Type II consists of a broad array of personnel and cultural exchanges involving youth and students, scholars, experts, and public servant exchanges, and sports exchanges, and bilateral and multilateral conferences and seminars. These programs are not arranged as a one-off event; many of them are operated on a regular basis with a greater focus on interacting and building relations with foreign counterparts, which stands in contrast to Type I programs. It is also true, however, that a considerable number of Type II programs still foster self-centeredness. For example, many of South Korea’s policy advocacy programs lay stress on communicating the country’s policy positions vis-à-vis foreign participants and presenting convincing arguments to support Korea’s stance. Policy research grant programs also tend to incentivize Korea-related research.
While many central administrative agencies are running their own youth exchange programs, there is still room for improvement. Selecting the next generation of youth leaders as a target audience could help these agencies improve and upgrade their programs. It is worth considering establishing youth leaders program for every diplomatically important country and/or region, and maintaining alumni networks. And to improve the programs’ content quality, regional and global issues should be added to the introduction of Korea. For this purpose, a modular approach would be worth considering, under which some issue-oriented modules are employed across different youth exchange programs. The Korea National Diplomacy Academy, for instance, has been employing this type of modular approach to implement its East Asian Diplomacy Program launched in 2020 for junior diplomats from across the globe. Such an approach will serve as a bridge linking Type II with Type III programs.
Type III includes knowledge-sharing programs and educational and training programs implemented within the framework of international development cooperation. A series of gender-related programs administered by the Ministry of Gender Equality and Family are representative of Type III programs. TRUST Campaign initiated by the Ministry of Foreign Affairs in the first half of 2020 when South Korea’s initial responses to COVID-19 were relatively successful, although not included in The Annual Public Diplomacy Implementation Plan, is a good example of transnational public advocacy centered on global issues. As a way of further developing Type III programs, we need to pay particular attention to directly linking public diplomacy and official development assistance in such realms as cultural ODA and ICT ODA.
Central administrative agencies’ public diplomacy efforts fall short in Type IV, with the exception of Building and Managing Asia Arts Community (The Ministry of Culture, Sports and Tourism, 2018-2019) and Global Public Diplomacy Network (GPDNet by the Korea Foundation, 2018-2021). GPDNet is an association of public diplomacy agencies of middle power countries. It was launched by the Korea Foundation in 2014 with the aim of constructing a global public diplomacy network of non-great powers. The Korea Foundation assumed the first chairmanship, which was passed on to Türkiye’s Yunus Emre Institute in 2016 and Qatar’s Cultural Village Foundation in 2019. GPDNet has facilitated the exchange of public diplomacy programs among its members and a set of collaborative programs such as photo exhibitions, Tales for Everyone Festival, and Arts Exchanges. It now faces a challenging task of setting common agendas and playing a constructive role as a viable network of public diplomacy agencies of non-great power countries.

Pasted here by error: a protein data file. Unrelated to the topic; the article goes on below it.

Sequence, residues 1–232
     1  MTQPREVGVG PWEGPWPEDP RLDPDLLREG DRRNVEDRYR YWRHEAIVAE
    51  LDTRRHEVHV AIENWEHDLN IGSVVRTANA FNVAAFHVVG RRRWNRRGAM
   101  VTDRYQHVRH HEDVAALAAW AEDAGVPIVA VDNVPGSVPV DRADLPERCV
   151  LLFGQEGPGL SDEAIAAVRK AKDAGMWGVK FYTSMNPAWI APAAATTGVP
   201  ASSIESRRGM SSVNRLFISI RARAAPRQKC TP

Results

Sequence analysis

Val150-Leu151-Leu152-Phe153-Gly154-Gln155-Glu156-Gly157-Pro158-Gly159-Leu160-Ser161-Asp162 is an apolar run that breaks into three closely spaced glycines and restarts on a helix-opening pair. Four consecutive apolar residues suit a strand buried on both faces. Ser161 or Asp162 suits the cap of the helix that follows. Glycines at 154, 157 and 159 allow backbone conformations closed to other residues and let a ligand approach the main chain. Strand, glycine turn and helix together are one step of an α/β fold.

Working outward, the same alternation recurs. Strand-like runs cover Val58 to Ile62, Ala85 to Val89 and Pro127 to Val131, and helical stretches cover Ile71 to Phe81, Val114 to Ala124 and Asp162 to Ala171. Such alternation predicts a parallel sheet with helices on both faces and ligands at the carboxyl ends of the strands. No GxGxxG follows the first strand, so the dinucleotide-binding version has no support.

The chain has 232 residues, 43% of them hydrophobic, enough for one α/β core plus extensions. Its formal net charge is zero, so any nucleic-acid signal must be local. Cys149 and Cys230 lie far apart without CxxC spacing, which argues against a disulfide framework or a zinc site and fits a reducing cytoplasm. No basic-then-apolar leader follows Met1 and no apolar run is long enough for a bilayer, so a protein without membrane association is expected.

Since the early 1990s, the Society for East Sea, a non-profit South Korean organization, has initiated and led an international campaign to promote the parallel use of “East Sea” and “Sea of Japan” to refer to the waters between Korea and Japan. In 2000, only 2.8 percent of world maps used both labels in parallel, but as of 2009, the rate increased to 28 percent, and about 40 percent of world maps now use both terms according to the latest estimates. Professor Ju Sungjae of Kyung Hee University, the President of the Society, notes that a growing tendency to view geographical names through the lens of cultural legacies has shifted the way we perceive geographical names as well as our understanding of the significance of naming geographical features. The Society’s promotion of the parallel use of “East Sea” and “Sea of Japan” is an effort to create commonly acceptable meanings and understandings of a physical object that constitutes an element of physical identities of Korea and Japan. In this sense, this is a campaign that, in a way, falls under the category of co-constitutive public diplomacy.
Also worthy of note is the possibility of connecting a vast range of offerings of South Korean pop culture like K-Pop with transnational public diplomacy. For example, the ARMY, the world-renowned K-Pop band BTS’s transnational fan club, is itself a transnational network based on a common identity centering on BTS, and the group’s signature message: “Love Yourself.” “One In an Army,” a non-profit charity organization established and run by 28 ARMY groups across the globe in 2018 with an aim to exert “good influence” on many parts of the world, is spreading anti-racial discrimination messages in tandem with the Black Lives Matter movement and organizing fundraising campaigns to raise awareness for their cause. “ARMY Help the Planet” started as a Brazilian ARMY group and later became an environmental organization to protect Brazilian rainforests and support pro-environmental politicians. “K-Pop for Planet,” a platform of K-Pop fans for climate action, launches an international campaign on climate change. As these cases illustrate, K-Pop, a cultural phenomenon, has the potential to develop into a transnational public advocacy movement and further evolve into a transnational community of people who share common interests and identities with sufficient power and resources to forge and spread new international norms.